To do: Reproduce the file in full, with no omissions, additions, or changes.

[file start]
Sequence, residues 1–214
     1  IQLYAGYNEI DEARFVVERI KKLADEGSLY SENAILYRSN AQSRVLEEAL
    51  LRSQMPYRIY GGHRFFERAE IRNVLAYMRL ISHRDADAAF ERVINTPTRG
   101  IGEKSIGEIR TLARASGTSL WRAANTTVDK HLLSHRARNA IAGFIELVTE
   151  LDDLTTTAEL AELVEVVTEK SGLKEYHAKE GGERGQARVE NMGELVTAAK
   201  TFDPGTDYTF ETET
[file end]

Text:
Sequence, residues 1–214
     1  IQLYAGYNEI DEARFVVERI KKLADEGSLY SENAILYRSN AQSRVLEEAL
    51  LRSQMPYRIY GGHRFFERAE IRNVLAYMRL ISHRDADAAF ERVINTPTRG
   101  IGEKSIGEIR TLARASGTSL WRAANTTVDK HLLSHRARNA IAGFIELVTE
   151  LDDLTTTAEL AELVEVVTEK SGLKEYHAKE GGERGQARVE NMGELVTAAK
   201  TFDPGTDYTF ETET